…Ang Kwento ng mga Tao sa Bayang Walang Hope (2)

Interview with the Vampire…o ang Q&A kay Mayora.

Madilim sa loob ng palasyo, malamig. Hindi mo aakalaing sa labas ay tanghaling tapat, at tirik ang araw. Makapal kasi ang kulay pulang drapes, sarado lahat ng bintana, antigong kahoy ang furniture. Maitim na marmol ang sahig, daig pa ang mausoleum.
“Kulang na lang dito, nitso,” naisip ni Julia habang naglalakad sila sa mga pasilyong parang tunnel na pababa ng pababa. Pakiramdam nga ni Julia, nasa ilalim na sila ng Ilog Pasig. Ni hindi na niya maamoy ang baho nito.
“Totoo kayang takot ang mga bampira sa krus?” isip ni Julia habang hawak-hawak ang krusipihong nakakwintas sa kanya, nakatago sa loob ng blusa niya. May rosaryo din siya sa bulsa, may agua bendita sa bag. Kung pwede nga lang magpatatak ng krus sa noo, kaso tapos na ang Ash Wednesday.
“Kung hindi lang exclusive ito, kung hindi lang kailangan ito,” bulong ni Julia. May interview sila kay Mayora, ang unang interview na ibinigay nito mula nang lumabas ang tape na nanghihingi siya ng isang milyong litro ng dugo mula sa town officials.
Sabagay, CNN naman kasi ang dala niya. May kasama pa siyang reporter na puti, galing pa sa Hong Kong, ang regional base ng CNN. Nang magpropose siya ng feature story tungkol sa Sta. Filomena, hindi niya akalaing papasa.
Malaki ang Sta. Filomena, at maraming natural resources: gas, ginto, tao. Isa ito sa mga urban centers ng bansa.
Biro nga nila, maraming swerte, malas lang sa klase ng gobyerno. Para bang nagpustahan ang Diyos at ang Dyablo kung alin ang mas kailangan ng tao: isang mayamang lugar, o isang matinong gobyerno. Mukhang ongoing pa ang pustahan.
There are two sides to Sta. Filomena, email ni Julia sa mga boss niya sa CNN. It is a booming economy, fueled by a population that never sleeps. The shopping malls, the call centers, and even the government offices are open 24/7, and those that work the night shift are even more active than those that report during the day. The rich drive around at night, on their flashy cars, dressed in the latest fashion in the US and Europe.
Yet Sta. Filomena also has some of the poorest citizens of the country. During the day, it is a dusty, dirty old town, where people ride in jeeps or tricycles, or simply walk. During the day, the cars that go around town are old, and the people look grim and tired.
There are talks of vampires running the town, but they have not been proven.
Whatever the truth is, in Sta. Filomena, the lines are clearly drawn between the rich and the poor, the powerful and the powerless, as clearly as day and night.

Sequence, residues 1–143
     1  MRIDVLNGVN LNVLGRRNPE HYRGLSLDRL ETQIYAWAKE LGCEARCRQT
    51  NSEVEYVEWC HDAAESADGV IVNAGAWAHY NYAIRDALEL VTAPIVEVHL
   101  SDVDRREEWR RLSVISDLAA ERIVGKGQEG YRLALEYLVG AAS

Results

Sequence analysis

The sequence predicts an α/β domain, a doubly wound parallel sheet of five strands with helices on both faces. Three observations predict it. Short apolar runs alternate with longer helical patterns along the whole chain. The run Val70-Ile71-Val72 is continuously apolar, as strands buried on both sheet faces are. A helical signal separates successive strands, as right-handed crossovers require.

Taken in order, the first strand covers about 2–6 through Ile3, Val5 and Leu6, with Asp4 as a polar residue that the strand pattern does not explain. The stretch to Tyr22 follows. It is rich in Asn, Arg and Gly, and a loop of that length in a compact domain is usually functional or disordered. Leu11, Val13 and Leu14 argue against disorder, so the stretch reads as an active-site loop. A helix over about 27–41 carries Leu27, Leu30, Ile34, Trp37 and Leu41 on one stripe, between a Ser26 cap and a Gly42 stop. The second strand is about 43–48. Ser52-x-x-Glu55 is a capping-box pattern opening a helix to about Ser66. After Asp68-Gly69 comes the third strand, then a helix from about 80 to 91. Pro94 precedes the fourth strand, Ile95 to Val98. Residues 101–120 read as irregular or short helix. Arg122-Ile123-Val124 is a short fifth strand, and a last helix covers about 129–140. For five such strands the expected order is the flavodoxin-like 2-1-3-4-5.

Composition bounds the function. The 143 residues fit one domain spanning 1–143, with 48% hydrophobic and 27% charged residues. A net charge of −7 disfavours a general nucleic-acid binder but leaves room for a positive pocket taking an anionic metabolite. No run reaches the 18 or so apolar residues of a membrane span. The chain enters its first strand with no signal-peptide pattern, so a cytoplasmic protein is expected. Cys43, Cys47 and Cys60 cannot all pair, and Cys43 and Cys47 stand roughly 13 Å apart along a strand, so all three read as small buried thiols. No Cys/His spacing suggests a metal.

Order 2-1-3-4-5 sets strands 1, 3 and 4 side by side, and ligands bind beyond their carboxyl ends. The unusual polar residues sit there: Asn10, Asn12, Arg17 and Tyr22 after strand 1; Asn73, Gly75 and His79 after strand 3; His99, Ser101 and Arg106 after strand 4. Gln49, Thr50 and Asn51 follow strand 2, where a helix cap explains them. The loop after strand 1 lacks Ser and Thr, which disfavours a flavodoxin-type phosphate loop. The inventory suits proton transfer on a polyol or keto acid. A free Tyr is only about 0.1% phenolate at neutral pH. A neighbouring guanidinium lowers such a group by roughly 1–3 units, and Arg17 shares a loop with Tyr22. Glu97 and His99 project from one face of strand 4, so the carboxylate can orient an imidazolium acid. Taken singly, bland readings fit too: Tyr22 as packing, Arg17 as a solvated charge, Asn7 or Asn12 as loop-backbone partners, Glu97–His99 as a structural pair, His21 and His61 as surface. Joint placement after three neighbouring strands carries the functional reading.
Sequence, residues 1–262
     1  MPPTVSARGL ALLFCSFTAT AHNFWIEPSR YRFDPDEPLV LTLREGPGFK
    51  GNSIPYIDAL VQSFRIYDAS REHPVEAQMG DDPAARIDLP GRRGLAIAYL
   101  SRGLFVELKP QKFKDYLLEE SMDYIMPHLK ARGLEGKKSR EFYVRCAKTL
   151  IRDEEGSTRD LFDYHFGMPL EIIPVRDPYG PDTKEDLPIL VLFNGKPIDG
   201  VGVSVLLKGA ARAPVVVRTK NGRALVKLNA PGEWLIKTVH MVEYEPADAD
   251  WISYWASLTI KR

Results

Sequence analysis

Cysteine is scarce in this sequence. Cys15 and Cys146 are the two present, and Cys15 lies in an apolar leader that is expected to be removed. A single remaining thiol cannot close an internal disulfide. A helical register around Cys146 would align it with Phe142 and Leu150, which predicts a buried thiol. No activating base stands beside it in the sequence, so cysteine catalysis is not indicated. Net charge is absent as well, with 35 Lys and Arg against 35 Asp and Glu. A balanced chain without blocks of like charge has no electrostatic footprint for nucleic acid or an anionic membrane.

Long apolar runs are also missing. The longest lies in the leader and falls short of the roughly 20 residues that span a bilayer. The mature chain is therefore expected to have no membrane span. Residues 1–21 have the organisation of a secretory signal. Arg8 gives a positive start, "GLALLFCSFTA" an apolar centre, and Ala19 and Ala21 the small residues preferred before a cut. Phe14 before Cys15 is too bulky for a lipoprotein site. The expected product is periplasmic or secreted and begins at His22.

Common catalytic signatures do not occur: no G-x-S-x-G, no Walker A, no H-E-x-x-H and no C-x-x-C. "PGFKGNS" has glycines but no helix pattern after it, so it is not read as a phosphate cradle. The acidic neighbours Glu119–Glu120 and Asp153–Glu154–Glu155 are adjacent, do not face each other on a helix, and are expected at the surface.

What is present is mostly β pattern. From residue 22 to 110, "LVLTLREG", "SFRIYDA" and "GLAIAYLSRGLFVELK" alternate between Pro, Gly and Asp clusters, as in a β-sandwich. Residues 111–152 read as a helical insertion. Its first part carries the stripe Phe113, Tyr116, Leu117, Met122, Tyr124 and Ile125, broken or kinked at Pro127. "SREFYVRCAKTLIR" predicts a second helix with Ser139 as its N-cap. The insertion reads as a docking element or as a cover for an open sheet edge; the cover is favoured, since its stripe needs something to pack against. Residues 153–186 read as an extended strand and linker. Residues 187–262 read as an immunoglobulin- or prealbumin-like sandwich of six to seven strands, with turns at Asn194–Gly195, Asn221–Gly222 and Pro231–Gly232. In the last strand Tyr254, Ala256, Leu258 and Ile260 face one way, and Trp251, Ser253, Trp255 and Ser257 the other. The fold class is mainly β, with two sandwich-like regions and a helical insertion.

Pumayag ang Hong Kong, at, miracle of miracles, nagpa-interview si Mayora! Basta raw walang political questions, because she’s too busy running the town to bother with political crap like credibility and popularity surveys (na parehong bagsak na bagsak siya).
Kaya’t heto ngayon si Julia, hoping against hope na hindi totoo ang tsismis (hindi bampira ang mayor niya, in other words). At, kung sakaling totoo nga, sana totoo rin ang ibang paniniwala – gaya ng, sana nagwo-work nga ang krusipiho at dasal laban sa mga bampira.
“We’re almost there,” sabi ni Mr. Press Officer sa dulo ng mahabang corridor. Nanginginig na sa ginaw si Julia, o baka sa takot. Madilim na madilim ang pasilyo, at bakit torch na ang mga ilaw?
Wala na ba kami sa coverage ng Meralco? Naisip ni Julia, pero hindi na siya nagtanong. Baka mapangiti si Mr. Press Officer; ayaw ni Juliang makita ang mga ngipin nito.
Mata na lang ang pinansin niya: “What red eyes you have, sir. Mukhang napuyat kayo kagabi.”
“Come into the parlor,” said Mr. Press Officer to Julia. Saka biglang dagdag, bilang sagot sa tanong niya: “Medyo. Maraming pinapa-rush si M’am. Alam mo naman si Mayora, masyadong workaholic. Kahit gabi, nagtatawag.”
Saka ito ngumiti.
Ang itim pala ng eyebags niya, naisip ni Julia na pilit nagko-contrate sa eyebags ng kausap. Ayaw niyang tumingin sa ngiti nitong pwede na sanang pang-Colgate commercial, dahil maputi at kumikislap ang mga ngipin. Kaya lang, medyo masyadong matulis ang canines.
“Darating na si M’am in a few minutes. Maupo muna kayo.”
“Wow! These must be heirloom pieces,” sabi ng kasama niyang puti, na hinahaplos-haplos pa ang mga antique na silya, na satin ang cushions at gawa pa sa narra.
Naupo sina Julia: amoy bulaklak ang silya. Parang…kalacuchi? Lilies? Fabric softener!!! Sigaw ni Julia sa isip niya.